Veteran Police Detective Says Re-Fund The Community
The killing of George Floyd has spurred protests across this country and reinvigorated the national debate over policing. Thousands of voices are calling for a change in how policing is done, and having served as a Baltimore City police officer, I believe it is high time that we answer the call. It is urgent that our city’s budget prioritize prevention instead of focusing solely on responses to crime. We need to re-fund the community to solve issues before they escalate and require an armed police response.
When I served as a Baltimore Police Detective, Community Policing Officer, and Patrol Officer, I saw that youth who quit school often got in trouble with the law and stayed in the system into adulthood. We can all agree that it’s better to guide kids onto a positive, healthy path than to expect punishment in the justice system to have a positive result.
For the past five years, I have been working with youth in West Baltimore’s Penn-North community through the Unified Efforts Out of School Time Program. These kids know that budgets reflect priorities, whether it means choosing between paying utility bills and buying groceries or funding an entire city. They have seen how youth programs and rec centers keep their friends out of trouble. Yet they see a lop-sided equation: while a major referendum funding youth programs receives $12 million, Baltimore’s Police Department is allocated half a billion dollars.
The youth are excited to try to rebalance the equation and re-fund their community, rather than expect more police resources to fix everything. In fact, community members have demonstrated a remarkable capacity to build relationships and turn lives around in ways law enforcement cannot. In Washington, DC, the Credible Messengers Program trains formerly incarcerated individuals to mentor youth most likely to commit acts of violence, using techniques including restorative justice and cognitive behavioral therapy. The program is credited with reducing youth recidivism by fifty percent.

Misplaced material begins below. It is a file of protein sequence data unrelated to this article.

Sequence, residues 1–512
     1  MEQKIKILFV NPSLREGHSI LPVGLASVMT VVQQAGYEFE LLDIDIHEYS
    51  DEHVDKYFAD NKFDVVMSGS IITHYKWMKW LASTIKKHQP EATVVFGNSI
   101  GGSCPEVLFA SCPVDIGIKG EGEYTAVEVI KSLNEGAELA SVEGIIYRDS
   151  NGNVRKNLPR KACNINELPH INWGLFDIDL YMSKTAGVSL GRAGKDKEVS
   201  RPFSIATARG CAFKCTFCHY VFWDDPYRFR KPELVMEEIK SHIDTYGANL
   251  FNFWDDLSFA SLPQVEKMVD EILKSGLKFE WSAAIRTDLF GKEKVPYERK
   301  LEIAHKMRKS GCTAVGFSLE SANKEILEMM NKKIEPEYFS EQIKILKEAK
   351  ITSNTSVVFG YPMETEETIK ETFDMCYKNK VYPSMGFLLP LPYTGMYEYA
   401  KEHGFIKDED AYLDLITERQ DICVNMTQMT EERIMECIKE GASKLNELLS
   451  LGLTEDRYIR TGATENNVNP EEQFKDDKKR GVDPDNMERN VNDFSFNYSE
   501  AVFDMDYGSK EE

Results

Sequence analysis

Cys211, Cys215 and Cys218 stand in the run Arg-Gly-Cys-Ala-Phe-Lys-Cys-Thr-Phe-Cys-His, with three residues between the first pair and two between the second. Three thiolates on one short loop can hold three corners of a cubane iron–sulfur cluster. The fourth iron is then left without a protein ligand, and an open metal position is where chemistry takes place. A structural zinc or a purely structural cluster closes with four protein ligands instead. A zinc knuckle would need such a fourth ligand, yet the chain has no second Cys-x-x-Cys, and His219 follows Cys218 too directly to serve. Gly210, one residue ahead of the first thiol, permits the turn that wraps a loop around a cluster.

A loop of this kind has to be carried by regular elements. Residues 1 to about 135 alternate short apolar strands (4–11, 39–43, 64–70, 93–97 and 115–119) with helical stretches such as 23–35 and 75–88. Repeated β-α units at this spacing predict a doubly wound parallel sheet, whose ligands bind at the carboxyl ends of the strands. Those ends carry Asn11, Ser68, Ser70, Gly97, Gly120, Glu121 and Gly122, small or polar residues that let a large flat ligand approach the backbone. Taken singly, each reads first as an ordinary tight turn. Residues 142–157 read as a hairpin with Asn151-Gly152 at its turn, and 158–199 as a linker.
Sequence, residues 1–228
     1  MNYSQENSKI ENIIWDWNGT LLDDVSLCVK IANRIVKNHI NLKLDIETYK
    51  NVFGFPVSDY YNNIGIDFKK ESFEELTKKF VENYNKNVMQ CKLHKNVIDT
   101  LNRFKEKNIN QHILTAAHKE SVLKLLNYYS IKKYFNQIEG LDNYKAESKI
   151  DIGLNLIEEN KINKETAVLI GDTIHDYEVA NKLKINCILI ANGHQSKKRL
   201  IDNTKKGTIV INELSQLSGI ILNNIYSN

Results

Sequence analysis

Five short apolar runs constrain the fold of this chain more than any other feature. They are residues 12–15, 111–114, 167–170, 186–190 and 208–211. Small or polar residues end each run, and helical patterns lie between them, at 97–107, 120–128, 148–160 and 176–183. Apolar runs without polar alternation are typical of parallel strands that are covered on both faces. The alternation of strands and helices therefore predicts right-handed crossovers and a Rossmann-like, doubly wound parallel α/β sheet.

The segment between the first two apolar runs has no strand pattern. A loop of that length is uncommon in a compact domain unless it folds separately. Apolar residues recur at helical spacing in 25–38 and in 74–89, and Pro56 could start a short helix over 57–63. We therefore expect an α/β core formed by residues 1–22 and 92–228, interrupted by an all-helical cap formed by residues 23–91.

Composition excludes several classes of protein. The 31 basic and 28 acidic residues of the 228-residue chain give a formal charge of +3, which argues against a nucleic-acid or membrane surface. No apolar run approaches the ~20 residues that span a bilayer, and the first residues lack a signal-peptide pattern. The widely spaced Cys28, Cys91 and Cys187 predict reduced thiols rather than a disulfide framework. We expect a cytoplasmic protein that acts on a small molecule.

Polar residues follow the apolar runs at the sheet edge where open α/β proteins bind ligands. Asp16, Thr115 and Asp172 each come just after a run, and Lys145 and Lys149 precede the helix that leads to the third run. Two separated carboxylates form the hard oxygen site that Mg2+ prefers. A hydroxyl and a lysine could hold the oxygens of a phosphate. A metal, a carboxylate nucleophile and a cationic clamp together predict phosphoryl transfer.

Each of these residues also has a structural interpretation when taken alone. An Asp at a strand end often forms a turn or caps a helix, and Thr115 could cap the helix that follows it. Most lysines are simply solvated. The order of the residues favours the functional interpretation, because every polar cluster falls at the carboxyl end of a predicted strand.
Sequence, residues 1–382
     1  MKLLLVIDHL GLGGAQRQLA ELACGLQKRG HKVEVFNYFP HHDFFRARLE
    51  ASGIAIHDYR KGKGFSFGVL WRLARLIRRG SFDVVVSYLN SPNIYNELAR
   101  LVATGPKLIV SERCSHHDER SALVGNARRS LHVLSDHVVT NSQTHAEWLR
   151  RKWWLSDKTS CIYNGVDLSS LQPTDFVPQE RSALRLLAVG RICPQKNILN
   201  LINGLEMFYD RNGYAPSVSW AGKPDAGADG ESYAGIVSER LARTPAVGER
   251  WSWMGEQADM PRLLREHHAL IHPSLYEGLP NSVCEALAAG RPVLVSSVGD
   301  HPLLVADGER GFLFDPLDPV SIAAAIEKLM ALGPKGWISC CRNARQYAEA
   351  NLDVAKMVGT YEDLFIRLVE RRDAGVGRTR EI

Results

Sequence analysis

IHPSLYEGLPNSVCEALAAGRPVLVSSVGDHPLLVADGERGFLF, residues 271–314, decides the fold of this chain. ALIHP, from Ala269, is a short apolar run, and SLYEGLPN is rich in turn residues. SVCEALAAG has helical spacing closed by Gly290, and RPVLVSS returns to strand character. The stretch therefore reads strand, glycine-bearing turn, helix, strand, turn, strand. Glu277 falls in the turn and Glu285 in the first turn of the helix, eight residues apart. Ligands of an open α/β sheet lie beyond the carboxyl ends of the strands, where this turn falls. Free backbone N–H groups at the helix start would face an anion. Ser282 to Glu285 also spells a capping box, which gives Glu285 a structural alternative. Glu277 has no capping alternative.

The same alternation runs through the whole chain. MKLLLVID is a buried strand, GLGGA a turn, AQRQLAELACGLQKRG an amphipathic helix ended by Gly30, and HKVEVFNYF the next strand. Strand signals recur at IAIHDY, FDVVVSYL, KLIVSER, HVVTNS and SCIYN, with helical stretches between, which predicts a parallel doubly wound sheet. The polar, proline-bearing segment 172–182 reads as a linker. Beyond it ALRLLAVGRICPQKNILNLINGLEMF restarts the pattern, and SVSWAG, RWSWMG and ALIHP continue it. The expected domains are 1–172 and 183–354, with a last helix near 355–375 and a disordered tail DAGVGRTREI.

My policing experience also taught me that to be effective, law enforcement requires a high degree of trust from the citizens we take an oath to protect. I remember going into local hardware stores in my uniform to ask for garbage bags, gloves, and brooms so we could clean up the block. I saw the importance of this kind of effort firsthand when I was investigating serious crimes as a detective. Where police lacked strong local bonds, witnesses and even victims were less likely to step forward and talk to us. In order to solve crimes, we had to cash in on a bank of trust.
Unfortunately, people are losing trust in police, partly because we have been saddled with handling societal issues we never expected to deal with. We are expected to stop people using drugs, solve mental health crises, and end homelessness. By filling our patrol cars and jails with people who do not pose a significant public safety threat, we have diminished public trust in law enforcement. Arresting these individuals also increases the likelihood of a violent confrontation with police.
To help restore this trust, our city needs to hand social issues off to experts outside law enforcement. As a detective, I worked with top law enforcement experts on federal narcotics taskforces. We took people off the street temporarily, but it never stopped the supply of drugs, and it created new job openings and started turf wars among drug sellers. Baltimore needs to end the War on Drugs and fund the experts who can treat the root causes of problematic drug use in order to change a lifetime of outcomes.
When an urgent conflict does occur that does not require an armed response, unarmed first responders trained in crisis intervention are a better option than police. One such program has been working for twenty years in Eugene, Oregon. The CAHOOTS team, made up of EMTs and crisis intervention specialists, has taken over 20 percent of 911 calls by handling most mental health crises.
For decades, our nation has been passing the buck on society’s ills to the police. This approach overburdens police and causes community distrust that makes us less effective. We must focus instead on investing in community resources and trained experts who are equipped to treat social issues and to prevent crime before it occurs. This approach will free officers to address the most serious crimes and help restore our relationships with the communities we serve. It’s time to show the kids in Penn North where our priorities lie.
Detective Debbie Ramsey (Ret.) served for 12 years with the Baltimore City Police Department. She is a speaker for the Law Enforcement Action Partnership (LEAP), a nonprofit group of police, prosecutors, judges, and other law enforcement officials working to improve the criminal justice system.